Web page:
Kahneman interview

Edward Winslow edbjwinslow at GMAIL.COM
Mon Feb 4 15:53:58 UTC 2019


Gentlemen,

I think that this thread has the potential to be tremendously important.
There are multiple contributors to the diagnostic process, many of which
are in the recent pub that SIDM contributed to.  Recently we've seemed to
become more focused on the weeds, not the forest. Getting back to how we
look at the diagnostic cascade  may help us. Certainly, thinking about
thinking is important. Pat C. has been a leader in thinking about how we
process information. I would love to take his course :-). I'd like to
propose some thoughts on the Diagnostic Process, including getting back to
basics, the place of the differential diagnosis, and use of second opinions
(including disease

When I began, in Canada, almost every medical student had the University of
Toronto, pocket book on History and Physical. The process for approaching
the diagnosis of patient complaints was laid out as a precursor of a "check
list".  (When I was a student there were almost no "preventive therapies".
Screening for cancers was in its infancy - so things were simpler. All we
had to do was evaluate symptoms and try to come up with a diagnosis.).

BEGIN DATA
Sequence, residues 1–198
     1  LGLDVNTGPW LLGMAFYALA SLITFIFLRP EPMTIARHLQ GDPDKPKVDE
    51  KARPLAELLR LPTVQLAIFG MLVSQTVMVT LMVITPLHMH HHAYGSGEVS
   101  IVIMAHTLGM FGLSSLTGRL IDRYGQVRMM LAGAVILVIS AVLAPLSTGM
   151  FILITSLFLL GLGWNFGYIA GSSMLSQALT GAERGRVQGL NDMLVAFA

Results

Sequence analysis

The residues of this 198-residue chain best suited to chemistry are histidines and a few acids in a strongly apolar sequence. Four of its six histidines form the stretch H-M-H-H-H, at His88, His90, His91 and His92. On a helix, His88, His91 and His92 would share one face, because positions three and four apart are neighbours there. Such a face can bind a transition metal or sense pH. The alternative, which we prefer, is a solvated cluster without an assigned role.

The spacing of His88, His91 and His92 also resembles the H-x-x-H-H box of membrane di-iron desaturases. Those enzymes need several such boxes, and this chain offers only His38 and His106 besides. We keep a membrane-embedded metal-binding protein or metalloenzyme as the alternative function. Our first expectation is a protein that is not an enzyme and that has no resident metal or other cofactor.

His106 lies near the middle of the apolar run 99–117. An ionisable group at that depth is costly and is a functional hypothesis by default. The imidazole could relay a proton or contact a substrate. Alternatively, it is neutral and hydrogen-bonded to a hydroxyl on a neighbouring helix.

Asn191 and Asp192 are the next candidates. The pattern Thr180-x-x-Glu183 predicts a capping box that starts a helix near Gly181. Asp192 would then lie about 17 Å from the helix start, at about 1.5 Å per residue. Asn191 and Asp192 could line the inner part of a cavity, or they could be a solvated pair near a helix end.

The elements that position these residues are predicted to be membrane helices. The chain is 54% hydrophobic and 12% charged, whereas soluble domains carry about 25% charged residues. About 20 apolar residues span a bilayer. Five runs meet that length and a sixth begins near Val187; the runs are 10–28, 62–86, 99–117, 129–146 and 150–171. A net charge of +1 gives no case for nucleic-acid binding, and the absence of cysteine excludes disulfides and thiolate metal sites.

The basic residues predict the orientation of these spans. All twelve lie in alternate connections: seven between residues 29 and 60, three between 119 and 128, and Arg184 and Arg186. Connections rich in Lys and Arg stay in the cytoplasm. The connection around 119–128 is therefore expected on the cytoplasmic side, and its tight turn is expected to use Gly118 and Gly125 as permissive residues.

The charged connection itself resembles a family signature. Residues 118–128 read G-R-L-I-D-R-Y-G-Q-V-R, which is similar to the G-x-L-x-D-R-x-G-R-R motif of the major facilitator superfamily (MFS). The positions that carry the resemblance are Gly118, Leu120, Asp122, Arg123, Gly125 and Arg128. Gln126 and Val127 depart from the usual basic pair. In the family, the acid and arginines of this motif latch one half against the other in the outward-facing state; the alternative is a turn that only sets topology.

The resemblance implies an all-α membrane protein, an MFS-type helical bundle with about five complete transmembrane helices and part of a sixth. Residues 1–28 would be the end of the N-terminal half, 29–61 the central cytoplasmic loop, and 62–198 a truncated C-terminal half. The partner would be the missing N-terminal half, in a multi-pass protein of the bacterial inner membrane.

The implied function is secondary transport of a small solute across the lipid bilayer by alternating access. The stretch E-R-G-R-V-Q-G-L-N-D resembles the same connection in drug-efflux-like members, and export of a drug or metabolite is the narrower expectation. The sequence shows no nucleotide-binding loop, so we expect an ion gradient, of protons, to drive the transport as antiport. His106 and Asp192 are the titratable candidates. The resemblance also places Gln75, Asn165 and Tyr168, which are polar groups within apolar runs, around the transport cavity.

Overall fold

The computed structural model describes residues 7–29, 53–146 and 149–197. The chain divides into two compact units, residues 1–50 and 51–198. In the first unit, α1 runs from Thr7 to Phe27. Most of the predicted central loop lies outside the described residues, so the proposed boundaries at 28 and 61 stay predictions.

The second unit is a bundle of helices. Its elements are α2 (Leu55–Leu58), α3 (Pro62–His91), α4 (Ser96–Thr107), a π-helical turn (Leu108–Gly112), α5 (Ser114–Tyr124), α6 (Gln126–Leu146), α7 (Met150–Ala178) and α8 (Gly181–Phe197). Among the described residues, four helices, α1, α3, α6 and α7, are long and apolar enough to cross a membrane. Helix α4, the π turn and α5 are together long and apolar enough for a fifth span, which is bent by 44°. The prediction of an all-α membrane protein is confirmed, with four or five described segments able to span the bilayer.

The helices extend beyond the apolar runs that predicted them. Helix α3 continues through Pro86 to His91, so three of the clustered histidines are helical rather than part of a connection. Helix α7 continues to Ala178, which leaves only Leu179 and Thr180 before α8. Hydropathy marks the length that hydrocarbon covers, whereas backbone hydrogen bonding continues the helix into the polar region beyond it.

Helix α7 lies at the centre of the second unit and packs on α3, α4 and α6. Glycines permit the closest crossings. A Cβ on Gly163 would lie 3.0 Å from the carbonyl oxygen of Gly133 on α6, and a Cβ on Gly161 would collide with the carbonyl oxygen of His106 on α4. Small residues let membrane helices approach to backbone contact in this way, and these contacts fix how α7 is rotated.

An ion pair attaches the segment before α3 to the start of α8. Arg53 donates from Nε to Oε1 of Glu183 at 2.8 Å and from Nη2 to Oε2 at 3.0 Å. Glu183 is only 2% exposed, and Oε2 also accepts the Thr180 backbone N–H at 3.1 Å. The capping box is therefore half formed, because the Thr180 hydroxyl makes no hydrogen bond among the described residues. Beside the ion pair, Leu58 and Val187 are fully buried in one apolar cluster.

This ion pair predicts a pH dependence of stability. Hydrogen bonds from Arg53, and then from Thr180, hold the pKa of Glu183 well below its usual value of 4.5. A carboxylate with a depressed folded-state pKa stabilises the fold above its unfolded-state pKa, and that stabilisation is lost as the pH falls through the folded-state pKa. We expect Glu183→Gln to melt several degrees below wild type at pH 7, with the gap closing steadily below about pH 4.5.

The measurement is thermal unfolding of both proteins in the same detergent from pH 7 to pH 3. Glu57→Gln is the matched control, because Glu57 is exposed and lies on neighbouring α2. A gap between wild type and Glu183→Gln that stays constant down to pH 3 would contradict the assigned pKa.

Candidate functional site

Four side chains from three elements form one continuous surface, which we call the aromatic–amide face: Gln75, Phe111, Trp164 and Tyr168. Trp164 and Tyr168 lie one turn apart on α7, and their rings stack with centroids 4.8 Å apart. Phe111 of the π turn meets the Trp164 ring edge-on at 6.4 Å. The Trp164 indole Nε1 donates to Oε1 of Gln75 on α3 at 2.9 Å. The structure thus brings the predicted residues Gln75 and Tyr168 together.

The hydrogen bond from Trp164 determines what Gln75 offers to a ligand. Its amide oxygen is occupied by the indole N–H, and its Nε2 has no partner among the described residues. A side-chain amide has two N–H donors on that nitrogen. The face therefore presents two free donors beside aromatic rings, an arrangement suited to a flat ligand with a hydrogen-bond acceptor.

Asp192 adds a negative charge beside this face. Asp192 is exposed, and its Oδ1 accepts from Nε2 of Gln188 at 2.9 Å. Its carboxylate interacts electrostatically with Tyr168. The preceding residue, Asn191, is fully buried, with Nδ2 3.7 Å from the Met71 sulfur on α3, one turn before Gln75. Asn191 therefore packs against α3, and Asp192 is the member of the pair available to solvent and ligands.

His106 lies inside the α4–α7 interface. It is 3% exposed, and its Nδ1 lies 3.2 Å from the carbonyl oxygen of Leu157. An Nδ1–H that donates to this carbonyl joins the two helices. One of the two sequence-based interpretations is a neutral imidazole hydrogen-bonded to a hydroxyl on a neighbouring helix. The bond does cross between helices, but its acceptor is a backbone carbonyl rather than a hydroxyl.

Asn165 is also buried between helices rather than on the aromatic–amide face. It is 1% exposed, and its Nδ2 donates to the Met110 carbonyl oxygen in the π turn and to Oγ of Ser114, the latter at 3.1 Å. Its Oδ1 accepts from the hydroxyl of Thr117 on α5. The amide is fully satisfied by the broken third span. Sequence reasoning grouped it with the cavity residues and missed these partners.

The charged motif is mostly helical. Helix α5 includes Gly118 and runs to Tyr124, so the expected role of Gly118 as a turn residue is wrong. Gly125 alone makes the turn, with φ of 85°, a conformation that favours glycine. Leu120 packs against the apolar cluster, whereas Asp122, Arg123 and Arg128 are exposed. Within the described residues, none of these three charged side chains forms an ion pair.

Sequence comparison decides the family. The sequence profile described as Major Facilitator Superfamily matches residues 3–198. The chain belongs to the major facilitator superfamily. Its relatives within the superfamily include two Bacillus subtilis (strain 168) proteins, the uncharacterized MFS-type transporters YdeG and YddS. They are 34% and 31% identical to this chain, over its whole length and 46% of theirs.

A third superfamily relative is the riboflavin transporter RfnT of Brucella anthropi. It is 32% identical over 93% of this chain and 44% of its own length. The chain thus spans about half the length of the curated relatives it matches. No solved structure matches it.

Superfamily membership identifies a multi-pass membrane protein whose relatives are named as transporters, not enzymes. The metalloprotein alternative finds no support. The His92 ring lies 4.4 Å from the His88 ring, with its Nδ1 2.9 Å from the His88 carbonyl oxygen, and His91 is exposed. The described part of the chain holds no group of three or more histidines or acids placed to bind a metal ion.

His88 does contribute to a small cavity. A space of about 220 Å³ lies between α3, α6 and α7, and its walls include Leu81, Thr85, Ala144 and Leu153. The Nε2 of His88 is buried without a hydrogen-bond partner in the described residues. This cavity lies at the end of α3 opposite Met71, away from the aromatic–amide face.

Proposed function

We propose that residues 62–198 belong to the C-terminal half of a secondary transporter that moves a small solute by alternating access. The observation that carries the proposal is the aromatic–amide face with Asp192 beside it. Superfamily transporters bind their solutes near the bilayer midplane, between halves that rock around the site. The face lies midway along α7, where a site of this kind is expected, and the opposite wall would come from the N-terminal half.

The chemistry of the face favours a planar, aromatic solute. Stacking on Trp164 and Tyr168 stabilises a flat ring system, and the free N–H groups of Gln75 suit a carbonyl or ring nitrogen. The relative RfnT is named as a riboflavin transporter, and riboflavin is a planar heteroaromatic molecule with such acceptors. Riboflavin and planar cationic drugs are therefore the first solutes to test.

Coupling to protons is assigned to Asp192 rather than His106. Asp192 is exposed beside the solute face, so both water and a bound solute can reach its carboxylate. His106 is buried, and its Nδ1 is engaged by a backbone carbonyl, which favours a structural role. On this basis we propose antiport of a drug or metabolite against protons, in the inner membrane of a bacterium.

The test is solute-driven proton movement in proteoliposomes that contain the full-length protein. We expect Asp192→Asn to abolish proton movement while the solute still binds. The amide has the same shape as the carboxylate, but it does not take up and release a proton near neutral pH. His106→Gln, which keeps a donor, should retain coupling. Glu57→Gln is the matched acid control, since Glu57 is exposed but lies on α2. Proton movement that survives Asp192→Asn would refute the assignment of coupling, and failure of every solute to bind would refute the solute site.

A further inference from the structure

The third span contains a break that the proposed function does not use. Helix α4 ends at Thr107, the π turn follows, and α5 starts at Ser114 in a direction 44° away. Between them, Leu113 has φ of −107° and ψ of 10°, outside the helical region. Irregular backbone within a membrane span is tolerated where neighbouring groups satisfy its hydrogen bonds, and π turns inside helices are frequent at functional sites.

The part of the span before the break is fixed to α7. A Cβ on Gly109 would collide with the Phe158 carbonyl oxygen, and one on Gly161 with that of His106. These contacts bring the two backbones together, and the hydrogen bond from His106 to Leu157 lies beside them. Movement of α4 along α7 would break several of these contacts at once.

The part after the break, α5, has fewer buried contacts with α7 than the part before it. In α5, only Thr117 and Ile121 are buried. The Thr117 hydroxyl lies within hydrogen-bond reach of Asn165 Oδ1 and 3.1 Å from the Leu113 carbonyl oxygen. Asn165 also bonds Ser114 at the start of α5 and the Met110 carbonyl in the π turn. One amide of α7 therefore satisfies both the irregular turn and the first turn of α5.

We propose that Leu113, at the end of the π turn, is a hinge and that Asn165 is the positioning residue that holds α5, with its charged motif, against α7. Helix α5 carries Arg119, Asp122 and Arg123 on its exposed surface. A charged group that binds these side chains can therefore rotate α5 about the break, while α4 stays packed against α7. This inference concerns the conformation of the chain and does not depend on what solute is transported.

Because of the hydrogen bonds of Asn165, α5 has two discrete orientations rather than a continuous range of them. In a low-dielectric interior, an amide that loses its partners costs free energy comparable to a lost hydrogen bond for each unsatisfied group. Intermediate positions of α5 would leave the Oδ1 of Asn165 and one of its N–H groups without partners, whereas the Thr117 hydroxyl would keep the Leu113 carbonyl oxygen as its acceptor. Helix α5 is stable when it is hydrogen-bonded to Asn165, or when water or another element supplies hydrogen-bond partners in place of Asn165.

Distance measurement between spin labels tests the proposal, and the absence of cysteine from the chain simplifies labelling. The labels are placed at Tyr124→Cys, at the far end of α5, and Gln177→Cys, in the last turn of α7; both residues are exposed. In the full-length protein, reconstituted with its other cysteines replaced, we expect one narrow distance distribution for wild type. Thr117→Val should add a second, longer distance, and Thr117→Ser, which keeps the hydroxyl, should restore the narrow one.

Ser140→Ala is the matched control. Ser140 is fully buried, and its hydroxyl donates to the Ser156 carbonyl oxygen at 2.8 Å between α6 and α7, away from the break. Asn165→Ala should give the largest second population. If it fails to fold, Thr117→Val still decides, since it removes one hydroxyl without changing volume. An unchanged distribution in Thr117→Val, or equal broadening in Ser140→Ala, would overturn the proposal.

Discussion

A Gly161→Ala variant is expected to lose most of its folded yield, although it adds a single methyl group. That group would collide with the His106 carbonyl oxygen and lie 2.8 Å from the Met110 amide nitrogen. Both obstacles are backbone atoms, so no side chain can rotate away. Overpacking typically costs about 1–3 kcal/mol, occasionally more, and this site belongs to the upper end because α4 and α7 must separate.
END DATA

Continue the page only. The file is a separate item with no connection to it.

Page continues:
In those days, we recognized something about the "Anchoring Bias" (AB),
though we didn't call it that. The  "Differential Diagnosis" (subsequently
called "Rule Outs", of "Also Consider's", among other things) was an
attempt at forcing ourselves not to succumb to the AB).

Kahneman's tome is an interesting read, that I found illuminating, but
difficult. I might suggest that most of us consider reading either the
book, "Thinking Fast and Slow", itself or one of the several fairly good
summaries.

Certainly, one of the great tools, to help us account for the AB, is the
second opinion. Like Xavier, and others who comment in these threads, I
regularly encouraged second opinions. Usually, however, these weren't for
diagnostic dilemmas, but for therapeutic challenges - weighing benefits and
harms or treatments. We might be well served by using another pair of ears
and eyes on our diagnoses too - a second opinion. The story in Groopman's,
"How Doctors Think" may reinforce this concept.

There are many impediments to using the Diagnostic Process to its full, in
today's climate. Hopefully, SIDM will help us overcome some of them.

On Sun, Feb 3, 2019 at 5:51 PM Xavier Prida <dr.xavier.prida at gmail.com>
wrote:

> Art,
>           I second your advocacy for second reads and co-decision making.
> And, I like you was surprised by his stated futility to become de-biased.
> That is where his remedy of "thinking again" has play.
> As a cardiologist involved in team deliberations(Heart Valve Team, Heart
> Revascularization Team) second and third reads are embedded with "wisdom of
> the cloud" final disposition. As stated by Mrs. Meers- "It's so sad to be
> all alone in the world"- and, dangerous in medicine.
>
> Regards,    Xavier
>
>
> * praesent superare odio  (r**ise above)*
>
> Xavier E. Prida MD FACC FSCAI
> Assistant Professor of Medicine